"The Role of Solar Activity in Global Warming," by S. V. Avakyan, appeared in the Herald of the Russian Academy of Sciences, 2013, Vol. 83, No. 3, pp. 275–285. Dr. Avakyan is "Head of the Laboratory of Aerospace Physical Optics at the Vavilov State Optical Institute and a leading researcher of the RAS Central (Pulkovo) Astronomical Observatory."
DOI=10.1134/S1019331613030015, WoS # =000321517800013
The abstract reads:
The author associates the recently observed climate warming and carbon dioxide concentration growth in the lower atmospheric layers with variations of solar–geomagnetic activity in global cloud formation and the significant decrease in the role of forests in carbon dioxide accumulation in the process of photosynthesis. The contribution of the greenhouse effect of carbon-containing gases to global warming turns out to be insignificant.
A clue to the author's motivation comes on the first page of the article, where he writes,"The switch of world powers first to decreasing the use of fossil fuel and then to carbon-free energy within the framework of the Kyoto Protocol may lead to economic collapse for Russia as a consequence of the reduction and, probably, even loss of the possibility to sell oil and natural gas on the world market."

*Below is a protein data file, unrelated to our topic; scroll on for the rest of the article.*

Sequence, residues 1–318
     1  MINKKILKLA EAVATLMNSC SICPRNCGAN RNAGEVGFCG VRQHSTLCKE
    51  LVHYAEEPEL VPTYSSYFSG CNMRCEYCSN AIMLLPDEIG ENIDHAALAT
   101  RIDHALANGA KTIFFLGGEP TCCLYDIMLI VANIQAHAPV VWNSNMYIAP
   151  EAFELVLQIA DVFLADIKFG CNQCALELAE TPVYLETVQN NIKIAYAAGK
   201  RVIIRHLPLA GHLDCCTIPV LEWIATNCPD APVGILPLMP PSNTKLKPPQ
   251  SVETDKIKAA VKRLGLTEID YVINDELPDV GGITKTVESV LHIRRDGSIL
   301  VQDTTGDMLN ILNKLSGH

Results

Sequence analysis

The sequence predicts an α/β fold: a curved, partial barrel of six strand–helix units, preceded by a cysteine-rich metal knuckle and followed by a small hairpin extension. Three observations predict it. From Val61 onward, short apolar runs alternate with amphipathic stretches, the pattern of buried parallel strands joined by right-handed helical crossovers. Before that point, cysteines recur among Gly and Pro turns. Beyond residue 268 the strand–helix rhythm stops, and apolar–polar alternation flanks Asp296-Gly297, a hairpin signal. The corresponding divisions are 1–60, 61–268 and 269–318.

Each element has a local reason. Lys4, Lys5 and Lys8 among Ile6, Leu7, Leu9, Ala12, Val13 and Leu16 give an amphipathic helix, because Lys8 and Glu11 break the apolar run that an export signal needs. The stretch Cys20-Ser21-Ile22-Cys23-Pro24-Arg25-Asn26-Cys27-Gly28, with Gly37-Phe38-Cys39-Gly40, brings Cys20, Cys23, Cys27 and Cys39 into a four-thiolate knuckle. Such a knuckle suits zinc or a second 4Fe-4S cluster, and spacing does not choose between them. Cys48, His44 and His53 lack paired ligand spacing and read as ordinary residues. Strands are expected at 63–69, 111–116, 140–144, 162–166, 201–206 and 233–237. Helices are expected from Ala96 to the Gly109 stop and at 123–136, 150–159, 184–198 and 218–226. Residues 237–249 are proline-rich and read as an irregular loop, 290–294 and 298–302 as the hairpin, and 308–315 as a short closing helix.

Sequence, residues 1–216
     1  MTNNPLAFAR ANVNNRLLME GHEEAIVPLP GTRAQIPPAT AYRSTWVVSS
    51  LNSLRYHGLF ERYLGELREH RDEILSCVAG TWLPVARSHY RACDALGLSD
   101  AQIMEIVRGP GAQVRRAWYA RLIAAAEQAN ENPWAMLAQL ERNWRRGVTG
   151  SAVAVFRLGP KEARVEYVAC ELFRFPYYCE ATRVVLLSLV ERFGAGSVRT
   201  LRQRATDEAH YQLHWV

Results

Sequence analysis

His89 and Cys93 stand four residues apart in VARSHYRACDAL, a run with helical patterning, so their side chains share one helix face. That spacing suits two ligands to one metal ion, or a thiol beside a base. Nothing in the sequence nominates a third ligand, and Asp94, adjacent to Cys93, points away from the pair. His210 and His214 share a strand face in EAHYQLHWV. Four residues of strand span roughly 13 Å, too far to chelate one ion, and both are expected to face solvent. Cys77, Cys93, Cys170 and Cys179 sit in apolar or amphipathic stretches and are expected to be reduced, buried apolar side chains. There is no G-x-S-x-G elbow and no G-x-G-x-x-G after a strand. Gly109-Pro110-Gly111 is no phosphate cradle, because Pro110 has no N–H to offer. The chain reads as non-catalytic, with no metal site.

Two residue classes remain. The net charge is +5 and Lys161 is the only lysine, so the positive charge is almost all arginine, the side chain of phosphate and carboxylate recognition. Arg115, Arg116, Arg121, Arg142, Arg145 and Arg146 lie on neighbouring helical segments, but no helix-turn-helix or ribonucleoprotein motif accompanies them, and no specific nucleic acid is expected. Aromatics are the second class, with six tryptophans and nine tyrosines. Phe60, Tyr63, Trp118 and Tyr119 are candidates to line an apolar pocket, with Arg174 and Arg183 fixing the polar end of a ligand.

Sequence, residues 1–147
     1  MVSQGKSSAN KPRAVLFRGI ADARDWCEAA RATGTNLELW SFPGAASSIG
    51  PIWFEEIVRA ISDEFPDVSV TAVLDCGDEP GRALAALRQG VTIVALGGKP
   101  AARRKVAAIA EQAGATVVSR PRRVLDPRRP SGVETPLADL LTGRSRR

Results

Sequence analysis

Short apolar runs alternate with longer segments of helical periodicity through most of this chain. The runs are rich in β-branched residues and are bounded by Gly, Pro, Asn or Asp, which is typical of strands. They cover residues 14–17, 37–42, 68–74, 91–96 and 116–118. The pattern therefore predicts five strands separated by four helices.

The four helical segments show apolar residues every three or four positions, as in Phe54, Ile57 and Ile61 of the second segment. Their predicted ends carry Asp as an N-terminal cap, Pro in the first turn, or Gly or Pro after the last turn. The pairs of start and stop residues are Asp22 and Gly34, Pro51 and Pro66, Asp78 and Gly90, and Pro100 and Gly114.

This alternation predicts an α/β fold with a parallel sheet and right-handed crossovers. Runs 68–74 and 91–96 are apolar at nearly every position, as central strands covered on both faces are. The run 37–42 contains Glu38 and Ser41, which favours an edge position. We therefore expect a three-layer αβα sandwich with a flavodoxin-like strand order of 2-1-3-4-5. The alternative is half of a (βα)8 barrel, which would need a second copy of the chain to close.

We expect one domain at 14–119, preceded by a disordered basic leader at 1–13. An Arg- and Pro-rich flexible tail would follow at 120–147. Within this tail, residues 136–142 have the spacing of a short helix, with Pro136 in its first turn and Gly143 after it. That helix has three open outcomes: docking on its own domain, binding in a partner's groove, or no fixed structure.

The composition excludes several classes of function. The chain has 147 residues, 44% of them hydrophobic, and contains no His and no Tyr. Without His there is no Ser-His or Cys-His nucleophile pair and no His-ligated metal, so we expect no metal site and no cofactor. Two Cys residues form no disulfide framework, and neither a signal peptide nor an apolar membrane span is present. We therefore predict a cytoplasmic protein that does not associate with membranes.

Dr. Avakyan addresses the two main facts that any theory of global warming must explain: over the last 100 years or so, both CO2 levels and global temperatures have risen and by about the same relative amount. Mainstream science attributes this to cause and effect: namely, the greenhouse effect, in which atmospheric CO2 absorbs rising heat radiation and redirects some of it back down to raise the temperature at the Earth's surface. Dr. Avakyan's paper attributes the known temperature rise to the effect of solar geomagnetic activity on clouds, and the known rise of CO2 to the carbon not absorbed due to expanding deforestation, desertification, and urbanization, and the resulting lessening of photosynthesis. The paper is complicated and we will have to wait until the article has been out longer for the experts to weigh in. For now, one swallow does not a summer make.